Leading bias researcher turns out to be… biased, renounces result

A few days ago, Robin posted on the Edge’s annual question, which this year is about the changing of minds.  One of the participants (a social scientist who undoubtedly knows lots) is Daniel Kahneman.  It’s impossible to overstate Kahneman’s eminence.  He’s unquestionably one of a handful of top researchers ever, and arguably the most important yet alive, on the subjects that make up the theme of this very blog.  In addition to being one of the inventors of the "heuristics and biases" research program, as well as prospect theory, he also won the 2002 "Nobel Prize" in economics. 

Yet he, too, is not immune from motivated error.  A friend and colleague recently forwarded Kahneman’s Edge answer to me.  Apparently, Kahneman himself was so captivated by the lure of a neat theory to handle some difficulties in hedonic experience that he managed to misinterpret the first set of results!

Our hypothesis was that differences in life circumstances would have more impact on this measure than on life satisfaction.  We were so convinced that when we got our first batch of data, comparing teachers in top-rated schools to teachers in inferior schools, we actually misread the results as confirming our hypothesis.  In fact, they showed the opposite: the groups of teachers differed more in their work satisfaction than in their affective experience at work. This was the first of many such findings: income, marital status and education all influence experienced happiness less than satisfaction, and we could show that the difference is not a statistical artifact.  Measuring experienced happiness turned out to be interesting and useful, but not in the way we had expected.  We had simply been wrong. (Emphasis added)

Social scientists, beware.  If this can happen to Daniel Kahneman, it can happen to anyone.

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  • Caledonian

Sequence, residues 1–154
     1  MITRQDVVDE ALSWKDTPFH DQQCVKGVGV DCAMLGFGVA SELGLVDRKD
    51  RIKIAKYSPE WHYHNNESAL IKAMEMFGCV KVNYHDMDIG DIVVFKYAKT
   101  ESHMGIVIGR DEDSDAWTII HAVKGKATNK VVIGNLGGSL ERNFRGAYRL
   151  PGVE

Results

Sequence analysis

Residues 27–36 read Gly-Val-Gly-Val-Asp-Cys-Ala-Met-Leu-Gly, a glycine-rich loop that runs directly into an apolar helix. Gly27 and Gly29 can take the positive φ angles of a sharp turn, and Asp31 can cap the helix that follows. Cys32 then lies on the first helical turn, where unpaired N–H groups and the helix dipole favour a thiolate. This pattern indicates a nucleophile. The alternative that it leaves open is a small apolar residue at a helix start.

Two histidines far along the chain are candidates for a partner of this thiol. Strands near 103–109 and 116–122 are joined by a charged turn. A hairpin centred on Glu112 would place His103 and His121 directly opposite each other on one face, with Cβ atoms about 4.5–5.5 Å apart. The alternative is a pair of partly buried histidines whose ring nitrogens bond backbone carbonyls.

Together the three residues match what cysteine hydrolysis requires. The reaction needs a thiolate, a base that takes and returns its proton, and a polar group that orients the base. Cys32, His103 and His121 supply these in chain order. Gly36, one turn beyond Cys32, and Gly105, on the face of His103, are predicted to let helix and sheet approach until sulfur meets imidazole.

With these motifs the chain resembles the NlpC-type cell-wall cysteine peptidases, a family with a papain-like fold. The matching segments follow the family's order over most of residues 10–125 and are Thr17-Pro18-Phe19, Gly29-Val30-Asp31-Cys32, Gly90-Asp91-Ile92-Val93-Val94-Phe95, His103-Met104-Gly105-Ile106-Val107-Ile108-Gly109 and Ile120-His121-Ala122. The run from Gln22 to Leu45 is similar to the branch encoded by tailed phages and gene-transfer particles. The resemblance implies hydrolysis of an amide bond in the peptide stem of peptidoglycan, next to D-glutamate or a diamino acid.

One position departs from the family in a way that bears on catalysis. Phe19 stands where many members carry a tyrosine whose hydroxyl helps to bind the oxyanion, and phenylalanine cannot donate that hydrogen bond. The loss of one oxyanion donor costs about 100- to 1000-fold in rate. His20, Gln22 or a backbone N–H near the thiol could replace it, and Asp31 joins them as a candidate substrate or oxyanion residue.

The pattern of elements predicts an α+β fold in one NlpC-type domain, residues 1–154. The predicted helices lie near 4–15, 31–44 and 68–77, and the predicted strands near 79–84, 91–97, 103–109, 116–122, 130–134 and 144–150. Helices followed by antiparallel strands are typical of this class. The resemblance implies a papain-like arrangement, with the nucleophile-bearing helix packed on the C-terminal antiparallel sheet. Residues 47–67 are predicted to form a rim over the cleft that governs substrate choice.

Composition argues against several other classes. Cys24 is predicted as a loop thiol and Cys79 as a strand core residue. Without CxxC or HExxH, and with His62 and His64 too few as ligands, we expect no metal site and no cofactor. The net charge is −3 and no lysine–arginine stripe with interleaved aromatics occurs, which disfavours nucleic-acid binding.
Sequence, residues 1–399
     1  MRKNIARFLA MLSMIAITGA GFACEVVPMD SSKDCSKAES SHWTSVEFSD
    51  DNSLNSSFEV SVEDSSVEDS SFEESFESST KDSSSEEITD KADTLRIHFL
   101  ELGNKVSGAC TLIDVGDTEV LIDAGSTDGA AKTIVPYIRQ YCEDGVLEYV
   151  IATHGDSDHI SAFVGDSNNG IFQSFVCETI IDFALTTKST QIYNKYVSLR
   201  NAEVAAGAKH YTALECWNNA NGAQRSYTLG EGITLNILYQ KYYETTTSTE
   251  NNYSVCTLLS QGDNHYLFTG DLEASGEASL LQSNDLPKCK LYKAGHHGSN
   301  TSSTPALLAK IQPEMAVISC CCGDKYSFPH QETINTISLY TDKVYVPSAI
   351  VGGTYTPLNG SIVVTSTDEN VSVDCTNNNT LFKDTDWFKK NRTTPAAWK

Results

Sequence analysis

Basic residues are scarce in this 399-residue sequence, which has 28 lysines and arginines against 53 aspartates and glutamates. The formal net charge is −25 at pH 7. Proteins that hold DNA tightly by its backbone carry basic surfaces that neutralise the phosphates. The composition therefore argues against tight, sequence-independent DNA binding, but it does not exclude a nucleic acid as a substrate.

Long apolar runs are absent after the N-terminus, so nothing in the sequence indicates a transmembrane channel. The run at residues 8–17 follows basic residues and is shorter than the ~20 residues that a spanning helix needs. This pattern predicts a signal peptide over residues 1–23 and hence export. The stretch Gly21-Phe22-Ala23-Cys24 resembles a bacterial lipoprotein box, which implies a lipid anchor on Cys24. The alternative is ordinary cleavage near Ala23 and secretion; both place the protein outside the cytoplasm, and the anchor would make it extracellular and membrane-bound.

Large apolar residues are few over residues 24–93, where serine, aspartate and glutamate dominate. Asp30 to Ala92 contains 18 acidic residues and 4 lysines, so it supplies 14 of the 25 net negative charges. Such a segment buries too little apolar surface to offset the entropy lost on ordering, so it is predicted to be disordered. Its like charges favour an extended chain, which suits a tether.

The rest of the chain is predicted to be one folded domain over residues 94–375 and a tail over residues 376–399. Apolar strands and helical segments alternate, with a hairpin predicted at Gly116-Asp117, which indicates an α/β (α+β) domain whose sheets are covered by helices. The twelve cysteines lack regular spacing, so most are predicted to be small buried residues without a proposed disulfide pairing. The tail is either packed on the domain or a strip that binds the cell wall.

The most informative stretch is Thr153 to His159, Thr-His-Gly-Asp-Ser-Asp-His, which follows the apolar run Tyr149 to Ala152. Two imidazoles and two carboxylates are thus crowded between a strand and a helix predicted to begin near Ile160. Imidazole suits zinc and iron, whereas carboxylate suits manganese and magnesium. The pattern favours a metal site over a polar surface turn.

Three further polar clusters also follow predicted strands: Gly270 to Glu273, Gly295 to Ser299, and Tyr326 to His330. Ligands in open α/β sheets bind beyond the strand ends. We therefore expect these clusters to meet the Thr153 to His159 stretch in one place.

If this can happen to Daniel Kahneman, it can happen to anyone.

    Your emphasis is backwards: if this can happen to anyone, it can happen to Daniel Kahneman.

  • Erik

    Um… Isn’t misinterpreting data what social science is all about?

  • Kevin Dick

    Back in 1990, I had the honor of a taking a class from Amos Tversky, Kahneman’s frequent research partner who had the misfortune to pass away before the 2002 Nobel was awarded.

    His observation, which I assume is shared by Khaneman, is that cognitive biases are similar to perceptual biases. Just because you know about them, doesn’t mean you can easily correct for them. Psychologists know that distance perception is affected by all sorts of factors such as atmospheric clarity, presence of reference objects, etc. That doesn’t mean a psychologist is any better judge of distance than anyone else. It’s just the way everyone’s brain works.

    You need a ruler to do better. The scientific method is like that ruler for cognitive bias (though imperfect). This single idea has always stuck with me and is probably the most significant factor in my desire to read this blog.

  • briarandbramble

    The phrase “renounces result” in the title of this post is inaccurate and misleading.

  • I have much respect for Kahnemann, but for some reason he is pushing
    a seriously distorted line that is based on one of the most obvious and